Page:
4. Syphilis

Also known as the great imitator, syphilis can cause a variety of symptoms and is spread through direct contact with a syphilitic sore during sexual intercourse or oral sex. You can be tested for syphilis during your annual physical, but many people don’t know they have it because their symptoms mimic those caused by other STIs such as chlamydia and gonorrhea. It’s important to avoid contracting syphilis—or any other STI—by limiting your number of sexual partners and practising safe sex by using latex condoms correctly every time you have intercourse or oral sex. To prevent spreading syphilis to others once you have it, make sure to see a doctor immediately if you develop signs and symptoms.

5. Pelvic Inflammatory Disease

Pelvic inflammatory disease (PID) is an infection that inflames your fallopian tubes, uterus, and cervix; it’s usually caused by untreated chlamydia or gonorrhea.

To prevent PID, limit your number of sexual partners and use latex condoms every time you have sex or oral sex. Most people won’t experience symptoms with PID, but if left untreated, you could develop permanent scarring in your reproductive organs or infertility.

Take care of PID early on by seeking treatment right away—your doctor may prescribe antibiotics to reduce inflammation and relieve painful symptoms such as fever and pain while urinating.

6. Genital Herpes (HSV-1, HSV-2)

A non-curable STI that’s incurable, genital herpes can also be spread through oral sex and contact with any part of your infected partner’s body. Most people don’t experience symptoms from contracting herpes, but if they do occur, they usually include painful sores on or around your genitals or rectum. You can take a blood test to determine whether you have HSV-1 or 2 at a private clinic; most people who contract herpes develop lifelong immunity to their infection once it clears up—but don’t count on being one of them! Take care of genital herpes by using latex condoms every time you have sex or oral sex to prevent spreading your infection and seeking treatment as soon as possible if you notice symptoms such as painful sores on your genitals or rectum.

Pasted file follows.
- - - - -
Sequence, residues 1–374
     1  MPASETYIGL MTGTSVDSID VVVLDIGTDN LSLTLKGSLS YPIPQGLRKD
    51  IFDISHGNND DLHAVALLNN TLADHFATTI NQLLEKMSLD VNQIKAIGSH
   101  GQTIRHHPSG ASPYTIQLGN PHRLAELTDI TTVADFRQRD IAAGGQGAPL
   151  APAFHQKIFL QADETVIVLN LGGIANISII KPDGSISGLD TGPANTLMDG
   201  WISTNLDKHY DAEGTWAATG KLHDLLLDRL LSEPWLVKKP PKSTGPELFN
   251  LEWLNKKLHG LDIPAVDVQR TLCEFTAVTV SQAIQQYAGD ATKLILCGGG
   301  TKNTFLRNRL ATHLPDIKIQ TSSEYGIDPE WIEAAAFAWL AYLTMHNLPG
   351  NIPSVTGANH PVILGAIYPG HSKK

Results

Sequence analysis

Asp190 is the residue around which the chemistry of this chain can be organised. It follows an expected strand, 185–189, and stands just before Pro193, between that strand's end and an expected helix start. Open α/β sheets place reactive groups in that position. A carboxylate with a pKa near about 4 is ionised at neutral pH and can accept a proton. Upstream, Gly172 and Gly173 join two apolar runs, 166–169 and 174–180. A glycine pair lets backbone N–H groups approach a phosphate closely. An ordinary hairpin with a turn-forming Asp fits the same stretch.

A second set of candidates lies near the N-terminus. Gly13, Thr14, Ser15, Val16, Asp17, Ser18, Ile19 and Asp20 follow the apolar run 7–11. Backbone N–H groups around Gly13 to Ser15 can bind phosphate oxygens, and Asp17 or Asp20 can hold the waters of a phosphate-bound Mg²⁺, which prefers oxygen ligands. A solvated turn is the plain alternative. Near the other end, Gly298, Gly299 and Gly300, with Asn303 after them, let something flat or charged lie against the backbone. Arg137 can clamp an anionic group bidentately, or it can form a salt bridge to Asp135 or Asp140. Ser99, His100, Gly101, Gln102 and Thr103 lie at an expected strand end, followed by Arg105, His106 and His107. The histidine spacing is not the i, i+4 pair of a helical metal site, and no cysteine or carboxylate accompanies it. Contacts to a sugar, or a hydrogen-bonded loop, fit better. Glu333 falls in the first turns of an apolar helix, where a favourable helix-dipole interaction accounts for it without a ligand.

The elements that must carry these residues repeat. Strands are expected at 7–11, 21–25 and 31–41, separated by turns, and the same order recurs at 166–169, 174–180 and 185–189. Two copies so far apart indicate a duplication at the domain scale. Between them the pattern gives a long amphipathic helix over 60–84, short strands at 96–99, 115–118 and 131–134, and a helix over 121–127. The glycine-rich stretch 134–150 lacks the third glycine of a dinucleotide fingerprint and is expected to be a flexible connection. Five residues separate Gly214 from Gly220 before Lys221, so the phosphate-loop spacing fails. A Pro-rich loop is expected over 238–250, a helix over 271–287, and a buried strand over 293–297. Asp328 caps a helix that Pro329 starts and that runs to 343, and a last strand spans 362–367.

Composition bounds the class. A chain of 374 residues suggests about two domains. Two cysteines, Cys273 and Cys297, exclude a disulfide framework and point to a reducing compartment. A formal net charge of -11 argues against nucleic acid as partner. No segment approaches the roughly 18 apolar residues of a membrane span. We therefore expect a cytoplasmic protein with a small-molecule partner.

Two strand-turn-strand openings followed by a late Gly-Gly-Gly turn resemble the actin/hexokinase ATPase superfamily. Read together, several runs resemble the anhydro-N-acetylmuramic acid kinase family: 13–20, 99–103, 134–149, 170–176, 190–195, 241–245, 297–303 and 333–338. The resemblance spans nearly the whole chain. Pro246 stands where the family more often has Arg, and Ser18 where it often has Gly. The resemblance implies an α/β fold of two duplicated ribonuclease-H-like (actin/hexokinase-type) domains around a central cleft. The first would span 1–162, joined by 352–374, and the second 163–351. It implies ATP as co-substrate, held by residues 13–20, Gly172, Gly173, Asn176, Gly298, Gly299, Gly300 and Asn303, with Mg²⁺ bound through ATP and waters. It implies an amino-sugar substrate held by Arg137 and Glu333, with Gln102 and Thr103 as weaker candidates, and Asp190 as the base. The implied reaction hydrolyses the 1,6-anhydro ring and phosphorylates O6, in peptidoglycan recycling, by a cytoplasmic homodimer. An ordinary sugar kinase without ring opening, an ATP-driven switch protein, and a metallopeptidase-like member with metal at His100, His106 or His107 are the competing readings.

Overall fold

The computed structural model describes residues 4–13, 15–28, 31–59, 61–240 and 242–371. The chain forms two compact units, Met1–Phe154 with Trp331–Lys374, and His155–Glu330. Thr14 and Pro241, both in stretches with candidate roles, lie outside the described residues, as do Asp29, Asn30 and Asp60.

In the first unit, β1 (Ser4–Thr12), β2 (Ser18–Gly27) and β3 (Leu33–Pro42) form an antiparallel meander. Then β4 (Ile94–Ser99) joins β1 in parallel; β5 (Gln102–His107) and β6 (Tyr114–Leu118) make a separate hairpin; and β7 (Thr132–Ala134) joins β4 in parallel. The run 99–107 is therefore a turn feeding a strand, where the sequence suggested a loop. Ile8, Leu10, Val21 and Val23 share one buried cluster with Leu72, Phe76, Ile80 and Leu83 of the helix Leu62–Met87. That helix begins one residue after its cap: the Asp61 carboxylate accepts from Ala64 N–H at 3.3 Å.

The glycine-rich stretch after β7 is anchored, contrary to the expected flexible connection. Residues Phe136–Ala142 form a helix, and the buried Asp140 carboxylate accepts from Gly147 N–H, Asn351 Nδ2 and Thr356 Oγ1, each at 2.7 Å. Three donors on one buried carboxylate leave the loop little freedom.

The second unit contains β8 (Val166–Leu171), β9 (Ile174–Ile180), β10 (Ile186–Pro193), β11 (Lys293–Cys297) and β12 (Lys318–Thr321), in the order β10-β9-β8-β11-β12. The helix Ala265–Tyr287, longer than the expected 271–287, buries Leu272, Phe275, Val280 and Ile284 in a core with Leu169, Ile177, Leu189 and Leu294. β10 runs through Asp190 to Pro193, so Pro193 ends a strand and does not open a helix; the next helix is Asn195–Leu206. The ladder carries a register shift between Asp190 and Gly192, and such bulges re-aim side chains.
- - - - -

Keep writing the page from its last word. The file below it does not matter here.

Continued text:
7. Gonorrhea

A bacterial infection that’s transmitted through sexual contact, gonorrhea can be treated with antibiotics, but it isn’t curable; most people won’t experience symptoms, though women may notice painful urination and discharge from their vagina while men may notice painful urination and swollen testicles. To prevent contracting gonorrhea—or any other STI—limit your number of sexual partners and use latex condoms every time you have sex or oral sex. Although there is no cure for herpes, you can take medicine to relieve pain and itching caused by genital sores and reduce your risk for spreading herpes to others in future relationships by following safe-sex practices such as always using latex condoms correctly every time you have intercourse or oral sex.

In Doubt, Get Tested

The best way to avoid getting an STI is to practice safe sex by limiting your number of sexual partners and using latex condoms correctly every time you have intercourse or oral sex. If you think you may have contracted an STI, it’s important to be tested so that you can receive prompt treatment. A good private clinic in Montreal will also offer advice on how to prevent spreading infections further down the line.